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September, 29, 2016

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Editorial
President Tsai Ing-wen fulfilled one of her campaign promises Monday when she inaugurated National Aboriginal Peoples Day and expressed her "deepest apologies" on behalf of the government for the suffering of indigenous peoples over the past 400 years. She also formed the Indigenous Peoples Historic Justice and Transitional Justice Commission.
 
New details that have emerged from the July 16 bus crash have handed another hot potato to President Tsai Ing-wen.
 
Almost two dozen students have been elected to a curriculum review committee in line with the Ministry of Education's promise of education reform. But it is more than just education reform; it represents a desire to reshape the nation's identity.
 
Two months have passed since the new administration took office, but the touted "New Southbound Policy" -- one of the key policies of President Tsai Ing-wen's campaign -- is starting to resemble an empty promise.
 
"Together, let's be the last ones to cry; and together, let's be the last ones standing against barbarism." This is how is the mayor of Saint-Etienne-du-Rouvray, France, rightly described our feelings Tuesday after two Islamists attacked the local church and slit a priest's throat.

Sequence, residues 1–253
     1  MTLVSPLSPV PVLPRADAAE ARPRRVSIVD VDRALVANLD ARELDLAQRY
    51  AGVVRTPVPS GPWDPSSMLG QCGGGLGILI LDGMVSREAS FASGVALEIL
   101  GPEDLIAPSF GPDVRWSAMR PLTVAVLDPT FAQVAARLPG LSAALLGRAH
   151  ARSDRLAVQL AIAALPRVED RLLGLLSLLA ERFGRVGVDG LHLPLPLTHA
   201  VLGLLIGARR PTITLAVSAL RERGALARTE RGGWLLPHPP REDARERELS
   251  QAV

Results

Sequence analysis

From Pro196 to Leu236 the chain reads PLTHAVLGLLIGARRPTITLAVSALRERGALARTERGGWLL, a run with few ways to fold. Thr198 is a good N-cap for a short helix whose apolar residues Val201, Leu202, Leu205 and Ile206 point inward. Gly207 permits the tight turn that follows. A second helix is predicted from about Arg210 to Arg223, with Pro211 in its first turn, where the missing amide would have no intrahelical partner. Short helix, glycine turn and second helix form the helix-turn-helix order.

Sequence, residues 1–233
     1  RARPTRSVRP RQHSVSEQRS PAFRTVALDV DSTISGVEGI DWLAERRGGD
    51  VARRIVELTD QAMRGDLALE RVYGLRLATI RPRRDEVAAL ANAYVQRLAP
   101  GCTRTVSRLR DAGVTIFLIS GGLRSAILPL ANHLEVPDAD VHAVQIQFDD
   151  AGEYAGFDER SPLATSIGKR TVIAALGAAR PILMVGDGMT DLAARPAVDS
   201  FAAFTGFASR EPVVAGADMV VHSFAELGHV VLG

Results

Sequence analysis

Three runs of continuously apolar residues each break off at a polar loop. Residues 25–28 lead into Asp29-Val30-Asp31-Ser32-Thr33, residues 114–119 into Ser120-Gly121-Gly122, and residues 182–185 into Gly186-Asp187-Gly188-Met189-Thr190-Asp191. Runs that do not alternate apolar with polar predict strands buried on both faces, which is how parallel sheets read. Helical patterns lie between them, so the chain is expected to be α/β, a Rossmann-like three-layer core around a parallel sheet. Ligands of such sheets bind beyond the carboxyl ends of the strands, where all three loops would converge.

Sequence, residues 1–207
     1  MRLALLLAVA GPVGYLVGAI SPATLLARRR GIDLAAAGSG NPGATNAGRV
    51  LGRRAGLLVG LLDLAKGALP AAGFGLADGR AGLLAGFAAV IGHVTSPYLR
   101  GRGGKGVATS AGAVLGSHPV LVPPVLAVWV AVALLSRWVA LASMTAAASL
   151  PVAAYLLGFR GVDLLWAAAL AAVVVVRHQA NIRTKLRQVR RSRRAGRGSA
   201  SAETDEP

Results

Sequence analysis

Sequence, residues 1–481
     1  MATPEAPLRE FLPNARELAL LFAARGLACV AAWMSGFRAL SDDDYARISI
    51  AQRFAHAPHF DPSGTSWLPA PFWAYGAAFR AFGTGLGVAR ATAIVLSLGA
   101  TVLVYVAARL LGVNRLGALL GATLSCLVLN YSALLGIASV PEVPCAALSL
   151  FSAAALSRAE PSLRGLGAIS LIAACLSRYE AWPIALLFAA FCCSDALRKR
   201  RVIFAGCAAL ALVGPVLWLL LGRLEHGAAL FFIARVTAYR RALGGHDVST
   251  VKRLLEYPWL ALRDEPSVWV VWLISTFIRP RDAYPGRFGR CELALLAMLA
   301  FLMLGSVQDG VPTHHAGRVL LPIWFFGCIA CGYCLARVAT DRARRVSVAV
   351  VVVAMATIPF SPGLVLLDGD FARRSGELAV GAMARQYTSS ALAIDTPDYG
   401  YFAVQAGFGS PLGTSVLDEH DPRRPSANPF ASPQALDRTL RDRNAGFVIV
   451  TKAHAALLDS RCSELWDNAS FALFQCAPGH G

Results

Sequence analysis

Wu Jianmin (吳建民), a stalwart Chinese diplomat, passed away on June 18. In the month since his passing, Taiwan -- and the world -- have been faced with momentous changes in power diplomacy, especially with regards to the South China Sea.
 
Politicians are often accused of "changing brains after changing posts," or changing their tune after transitioning from candidate to elected official. It is not every day, however, that the same line would be uttered by a politician as by those who describe him.
 
Last Monday, President Tsai Ing-wen gave the Washington Post her first interview after her inauguration. Lally Weymouth, senior associate editor of the Washington Post and daughter of its former publisher Katharine Mayer Graham,...
 
The review of "one flexible day off" at the Legislative Yuan on Thursday was put on hold due to objections from opposition parties and labor unions.
 
Twenty-four Chinese people were killed in a tour bus blaze on their way out of Taiwan after a round-island trip on July 19.
 
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